Gridded PM2.5 Emissions (2015)

Emissions Inventory

Total PM2.5 Emissions by Sector 2015-2030

Emissions Inventory Emissions Inventory Emissions Inventory

Total Estimated Emissions by Sector for 2015 (units – mil.tons/year for CO2 and tons/year for the rest)

 PM2.5PM10BCOCNOxCOVOCSO2CO2
11,850 27,600 3,250 3,150 15,200 83,700 22,250 1,400 2.72
TRAN 5,300 5,550 2,400 1,650 7,850 56,650 18,050 3501.81
RESI950950200450400 13,200 1,550 2500.31
INDU950 1,000 150150 2,850 1,700 8505500.39
DUST 2,800 18,200 -------
WAST 1,000 1,050 100600- 4,850 1,000 500.01
DGST400400250100 3,750 1,000 100500.17
BRIC450450150200350 6,300 7001500.04

TRAN = transport emissions from road, rail, aviation, and shipping (for coastal cities); RESI = residential emissions from cooking, heating, and lighting activities; INDU = industrial emissions from small, medium, and heavy industries (including power generation); DUST = dust emissions from road re-suspension and construction activities; WAST = open waste burning emissions; DGST = diesel generator set emissions; BRIC = brick kiln emissions (not included in the industrial emissions)


Meteorology

We processed the NCEP Reanalysis global meteorological fields from 2010 to 2016 through the 3D-WRF meteorological model. A summary of the data for year 2015, averaged for indore is presented below. Download the processed data which includes information on year, month, day, hour, precipitation (mm/hour), mixing height (m), temperature (C), wind speed (m/sec), and wind direction (degrees) – key parameters which determine the intensity of dispersion of emissions.






Windrose Functions for 2013-2016

Windrose Functions Windrose Functions Windrose Functions Windrose Functions


Dispersion Modeling

We calculated the ambient PM2.5 concentrations and the source contributions, using gridded emissions inventory, 3D meteorological data (from WRF), and the CAMx regional chemical transport model. The model simulates concentrations at 0.01° grid resolution and sector contributions, which include contributions from primary emissions, secondary sources via chemical reactions, and long range transport via boundary conditions (represented as “outside” in the pie graph below).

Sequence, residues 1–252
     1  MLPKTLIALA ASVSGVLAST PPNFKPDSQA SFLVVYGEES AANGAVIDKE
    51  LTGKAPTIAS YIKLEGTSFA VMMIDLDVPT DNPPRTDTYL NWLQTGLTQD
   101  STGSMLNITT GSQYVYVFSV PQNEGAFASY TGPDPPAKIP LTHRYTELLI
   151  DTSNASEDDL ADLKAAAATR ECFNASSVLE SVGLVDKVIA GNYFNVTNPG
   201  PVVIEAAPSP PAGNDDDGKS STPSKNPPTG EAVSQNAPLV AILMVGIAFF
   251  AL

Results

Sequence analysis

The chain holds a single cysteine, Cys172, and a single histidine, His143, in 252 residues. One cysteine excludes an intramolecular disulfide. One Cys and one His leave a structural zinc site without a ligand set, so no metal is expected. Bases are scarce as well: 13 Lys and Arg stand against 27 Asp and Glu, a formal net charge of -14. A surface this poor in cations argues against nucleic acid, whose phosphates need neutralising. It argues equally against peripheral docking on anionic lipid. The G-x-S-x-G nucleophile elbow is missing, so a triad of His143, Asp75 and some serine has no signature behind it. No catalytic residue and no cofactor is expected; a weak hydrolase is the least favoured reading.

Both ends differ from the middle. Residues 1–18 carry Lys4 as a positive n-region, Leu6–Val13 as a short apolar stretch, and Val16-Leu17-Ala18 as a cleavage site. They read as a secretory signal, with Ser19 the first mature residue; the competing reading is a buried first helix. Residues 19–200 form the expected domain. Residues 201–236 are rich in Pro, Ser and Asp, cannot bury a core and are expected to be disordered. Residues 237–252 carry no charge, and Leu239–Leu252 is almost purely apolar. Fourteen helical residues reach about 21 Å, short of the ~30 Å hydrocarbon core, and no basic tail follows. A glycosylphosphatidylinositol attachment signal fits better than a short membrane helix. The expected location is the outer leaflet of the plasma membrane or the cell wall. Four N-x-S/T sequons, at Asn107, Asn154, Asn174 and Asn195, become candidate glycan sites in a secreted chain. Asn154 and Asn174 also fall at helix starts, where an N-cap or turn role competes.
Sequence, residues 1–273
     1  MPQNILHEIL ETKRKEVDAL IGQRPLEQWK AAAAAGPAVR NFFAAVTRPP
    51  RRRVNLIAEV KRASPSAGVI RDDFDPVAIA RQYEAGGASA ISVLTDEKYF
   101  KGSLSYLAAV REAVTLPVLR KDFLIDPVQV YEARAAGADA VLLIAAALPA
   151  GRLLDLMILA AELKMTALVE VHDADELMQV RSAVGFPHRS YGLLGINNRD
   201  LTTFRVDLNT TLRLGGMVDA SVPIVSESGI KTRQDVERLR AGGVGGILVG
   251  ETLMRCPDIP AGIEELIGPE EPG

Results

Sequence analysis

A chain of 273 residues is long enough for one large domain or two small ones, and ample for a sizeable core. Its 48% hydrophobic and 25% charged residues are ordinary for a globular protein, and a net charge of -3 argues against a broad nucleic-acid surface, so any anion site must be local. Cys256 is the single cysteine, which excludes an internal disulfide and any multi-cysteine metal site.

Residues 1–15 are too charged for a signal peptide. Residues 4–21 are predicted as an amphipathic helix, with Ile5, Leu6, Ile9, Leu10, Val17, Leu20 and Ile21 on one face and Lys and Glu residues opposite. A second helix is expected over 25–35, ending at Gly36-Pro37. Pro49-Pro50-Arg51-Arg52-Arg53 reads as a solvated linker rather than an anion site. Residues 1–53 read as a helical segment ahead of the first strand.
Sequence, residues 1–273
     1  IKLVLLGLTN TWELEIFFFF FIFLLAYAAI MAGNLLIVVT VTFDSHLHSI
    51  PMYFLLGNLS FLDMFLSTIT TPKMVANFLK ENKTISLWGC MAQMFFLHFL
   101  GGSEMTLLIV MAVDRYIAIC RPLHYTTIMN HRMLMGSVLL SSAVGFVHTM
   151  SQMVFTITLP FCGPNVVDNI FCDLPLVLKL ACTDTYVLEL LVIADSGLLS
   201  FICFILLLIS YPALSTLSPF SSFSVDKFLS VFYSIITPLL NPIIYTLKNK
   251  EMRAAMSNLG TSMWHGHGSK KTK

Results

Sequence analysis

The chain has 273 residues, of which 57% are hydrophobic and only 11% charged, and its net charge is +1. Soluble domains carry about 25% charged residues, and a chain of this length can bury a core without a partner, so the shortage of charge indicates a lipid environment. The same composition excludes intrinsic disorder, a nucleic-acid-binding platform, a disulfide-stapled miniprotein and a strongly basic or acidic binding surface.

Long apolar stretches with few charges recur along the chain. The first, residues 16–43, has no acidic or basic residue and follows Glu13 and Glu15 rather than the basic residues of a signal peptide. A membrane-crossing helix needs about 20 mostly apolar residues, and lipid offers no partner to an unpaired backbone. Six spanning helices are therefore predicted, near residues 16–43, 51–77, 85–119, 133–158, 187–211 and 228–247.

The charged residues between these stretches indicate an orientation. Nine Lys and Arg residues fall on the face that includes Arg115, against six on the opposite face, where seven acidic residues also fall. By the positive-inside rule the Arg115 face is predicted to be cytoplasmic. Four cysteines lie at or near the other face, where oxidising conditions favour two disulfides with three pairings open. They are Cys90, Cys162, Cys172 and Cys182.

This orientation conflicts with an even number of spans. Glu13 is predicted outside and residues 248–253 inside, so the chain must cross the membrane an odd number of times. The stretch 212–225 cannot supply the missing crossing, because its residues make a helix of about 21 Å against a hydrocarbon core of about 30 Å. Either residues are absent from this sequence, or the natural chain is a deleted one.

PM2.5 Source Contributions Ambient PM2.5 Concentrations PM2.5 Source Contributions


Recommendations

  • Modeled urban average ambient PM2.5 concentration is 66.3 ± 12.3 μg/m3 – is above the national standard (40) and more than 6 times the WHO guideline (10)
  • The city requires at least 20 continuous air monitoring stations to statistically, spatially, and temporally, represent the mix of sources and range of pollution in the city (current status – 3 manual and 0 continuous)
  • The modeled source contributions highlight transport (including on road dust), domestic cooking and heating, and open waste burning as the key air pollution sources in the urban areas
  • The city has an estimated 28% of the ambient annual PM2.5 pollution (in 2015) originating outside the urban airshed, which suggests that some regional interventions could reduce the pollution loads. This contribution is mostly stemming from coal-fired power plants, large (metal and non-metal processing) industries, and brick kilns located outside the urban airshed towards Bhopal
  • The city needs to aggressively promote public and non-motorized transport as part of the city’s urban development plan, along with the improvement of the road infrastructure to reduce on-road dust re-suspension
  • By 2030, the vehicle exhaust emissions are expected to remain constant, if and only if, Bharat 6 fuel standards are introduced nationally in 2020, as recommended by the Auto Fuel Policy
  • By 2030, the share of emissions from residential cooking and lighting is expected to decrease with a greater share of LPG, residential electrification, and increasing urbanization. However, since the availability of biomass and coal in the region is high, a fair share of its use is expected to continue, unless an aggressive program is in place a 100% technology shift to cleaner options like LPG and electricity
  • There are 100+ brick kilns in the urban airshed and more outside, fueled mostly by coal and agri-waste. These kilns can benefit from a technology upgrade from the current fixed chimney and clamp style baking to (for example) zig-zag, in order to improve their overall energy efficiency. Similarly, the coal-fired power plants in the state, need to practice and enforce stricter environmental standards for all the criteria pollutants
  • Open waste burning is dispersed across the city and requires stricter regulations for addressing the issue, as the city generates ever more garbage, with limited capacity to sort and dispose of it.